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U.S.

Department of Labor Administrative Review Board


200 Constitution Avenue, N.W.
Washington, D.C. 20210

In the Matter of:

JOHN J. BELIVEAU, JR. ARB CASE NO. 99-070


(Formerly 98-032)
COMPLAINANT, (Corrected)

v. ALJ CASE NO. 97-SDW-6

NAVAL UNDERSEA WARFARE DATE: June 30, 1999


CENTER,

RESPONDENT.

BEFORE: THE ADMINISTRATIVE REVIEW BOARD

Appearances:

For the Complainant


Sarah L. Levitt, Esq., Richard E. Condit, Esq.
The Project on Liberty & the Workplace, Washington, D.C.

For the Respondent


Andrea Heffernan Brisbin, Esq., Neaclesa P. Anderson, Esq.
Department of the Navy, Washington, D.C.

ORDER

This case arose under the Toxic Substances Control Act of 1986, 15 U.S.C.A. §2622 (1998);
the Water Pollution Control Act, 33 U.S.C.A. §1367 (1998); the Solid Waste Disposal Act, 42
U.S.C.A. § 6971 (1998); the Comprehensive Environmental Response, Compensation and Liability
Act, 42 U.S.C.A. §9610 (1998); the Resource Conservation and Recovery Act, 42 U.S.C.A. §6971
(1998); the Clean Air Act, 42 U.S.C.A. §7622 (1998) [the environmental statutes]; and the
regulations implementing these statutes at 29 C.F.R. Part 24. On February 15, 1995, Complainant
John Beliveau, filed a whistleblower complaint with the U.S. Department of Labor’s Wage and Hour
Division alleging that he had been subjected to unlawful retaliation by his employer, Naval Undersea
Warfare Center (NUWC), in response to engaging in activities protected under the statutes. On June
15, 1995, prior to the completion of the Wage and Hour Division’s investigation, Beliveau and
NUWC entered into a settlement agreement and Beliveau withdrew his complaint.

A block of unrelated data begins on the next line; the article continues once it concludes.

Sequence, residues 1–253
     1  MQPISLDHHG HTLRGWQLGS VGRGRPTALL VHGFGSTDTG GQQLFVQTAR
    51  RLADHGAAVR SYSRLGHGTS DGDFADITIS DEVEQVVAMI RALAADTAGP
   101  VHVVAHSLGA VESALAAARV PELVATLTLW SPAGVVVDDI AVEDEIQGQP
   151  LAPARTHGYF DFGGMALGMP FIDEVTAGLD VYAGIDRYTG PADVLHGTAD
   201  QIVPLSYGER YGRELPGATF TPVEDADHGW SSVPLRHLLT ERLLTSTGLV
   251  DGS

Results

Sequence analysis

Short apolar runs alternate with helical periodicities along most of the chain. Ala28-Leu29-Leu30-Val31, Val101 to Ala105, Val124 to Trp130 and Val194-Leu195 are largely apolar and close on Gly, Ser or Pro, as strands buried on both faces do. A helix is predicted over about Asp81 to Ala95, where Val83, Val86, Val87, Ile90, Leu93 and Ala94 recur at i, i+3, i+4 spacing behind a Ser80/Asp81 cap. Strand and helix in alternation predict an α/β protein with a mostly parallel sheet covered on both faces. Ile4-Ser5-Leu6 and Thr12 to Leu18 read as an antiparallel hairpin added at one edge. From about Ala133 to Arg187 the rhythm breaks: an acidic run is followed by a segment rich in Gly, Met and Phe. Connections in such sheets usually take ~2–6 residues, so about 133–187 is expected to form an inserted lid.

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On April 28, 1997, Beliveau filed a Motion to Reopen the 1995 complaint and declare the
settlement void on the grounds that the Secretary had not approved the settlement. This Board
disagreed, reasoning that because Beliveau and the NUWC settled the complaint before either party
filed an appeal of the Wage and Hour Division’s finding by requesting a hearing before the Labor
Department’s Office of Administrative Law Judges, the Secretary was not required to enter into a
settlement to terminate the action initiated by the complaint. Beliveau v. Naval Undersea Warfare
Center, ARB Case No. 97-097, Order Denying Interlocutory Appeal (Aug. 14, 1997); ARB Case
No. 98-032, Final Decision and Order (June 26, 1998).

By order dated March 10, 1999, the U. S. Court of Appeals for the First Circuit reversed the
Administrative Review Board’s decision and remanded the case to the Secretary of Labor “for her
review of the Settlement Agreement, to be followed by such further proceedings as may be called
for on completion of that review.” Beliveau v. U. S. Department of Labor, 170 F.3d 83 (1st Cir.
1999).

Before the Administrative Review Board, Beliveau argued that the settlement should be
considered void because the Secretary had not approved it. In essence, Beliveau argued that he had
the right to withdraw from the settlement until the Secretary approved it. However, assuming that
Beliveau participated in and consented to the settlement at the time it was negotiated, he is bound
by his initial negotiated consent to settle the complaint until such time as the Secretary approves or